North American Lobelia siphilitica (ht 60 - 90 cm) is an unusual, clump-forming perennial relative of the bedding Lobelia that is grown for spring displays. It is sometimes known as the blue cardinal flower and it blooms in late summer and early autumn with stout spires clustered in the recognisable hooded form of other Lobelia plants, in colours of white or blues. There are other sorts of perennial Lobelia but this is the only one that has steadfastly stayed with me. It self-seeds occasionally, so new plants pop up here and there. It likes a sunny, moist position. Mine sited itself next to Salvia 'Wendy's Wish' and I enjoy the combination of the milky blue Lobelia with the rhubarb colour of the Salvia flowers. It is best to divide the clumps every few years in early spring, into soil amended with compost and fertiliser. Otherwise, it will eventually die out, though sometimes it does self-seed before disappearing.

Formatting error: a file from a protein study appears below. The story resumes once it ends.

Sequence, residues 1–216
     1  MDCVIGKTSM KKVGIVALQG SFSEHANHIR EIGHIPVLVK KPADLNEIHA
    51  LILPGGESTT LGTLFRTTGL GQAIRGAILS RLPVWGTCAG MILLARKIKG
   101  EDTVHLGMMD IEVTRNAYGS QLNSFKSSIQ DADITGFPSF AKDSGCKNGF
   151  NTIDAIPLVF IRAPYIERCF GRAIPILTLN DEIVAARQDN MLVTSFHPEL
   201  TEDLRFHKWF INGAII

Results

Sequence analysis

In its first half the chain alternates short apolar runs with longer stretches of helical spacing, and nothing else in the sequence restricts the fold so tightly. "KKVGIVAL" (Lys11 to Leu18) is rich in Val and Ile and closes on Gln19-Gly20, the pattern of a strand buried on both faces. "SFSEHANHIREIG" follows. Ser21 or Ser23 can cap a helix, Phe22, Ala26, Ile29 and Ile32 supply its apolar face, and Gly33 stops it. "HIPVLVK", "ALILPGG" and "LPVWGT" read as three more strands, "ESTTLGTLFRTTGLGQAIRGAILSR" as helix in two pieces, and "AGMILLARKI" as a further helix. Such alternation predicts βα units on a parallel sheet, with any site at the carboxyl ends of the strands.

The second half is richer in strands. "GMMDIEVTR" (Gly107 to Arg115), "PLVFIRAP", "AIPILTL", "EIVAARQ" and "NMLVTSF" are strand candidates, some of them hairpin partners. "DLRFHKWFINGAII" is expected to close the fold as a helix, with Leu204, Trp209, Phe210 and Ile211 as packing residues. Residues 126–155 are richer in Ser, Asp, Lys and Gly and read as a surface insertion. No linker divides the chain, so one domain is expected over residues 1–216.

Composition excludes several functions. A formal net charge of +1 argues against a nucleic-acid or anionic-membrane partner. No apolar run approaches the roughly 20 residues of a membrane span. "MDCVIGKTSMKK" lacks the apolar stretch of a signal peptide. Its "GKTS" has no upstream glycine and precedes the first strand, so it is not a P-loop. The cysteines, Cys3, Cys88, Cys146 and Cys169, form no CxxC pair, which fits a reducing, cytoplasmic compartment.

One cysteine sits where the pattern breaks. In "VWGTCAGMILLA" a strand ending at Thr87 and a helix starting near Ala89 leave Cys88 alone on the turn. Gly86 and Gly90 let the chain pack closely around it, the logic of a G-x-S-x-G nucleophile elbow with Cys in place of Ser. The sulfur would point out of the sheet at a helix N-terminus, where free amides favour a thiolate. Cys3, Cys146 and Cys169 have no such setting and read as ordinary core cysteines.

Postscript: My plant did eventually die out! They are not long-lived in the Sydney climate but I enjoyed mine whilst it was with me.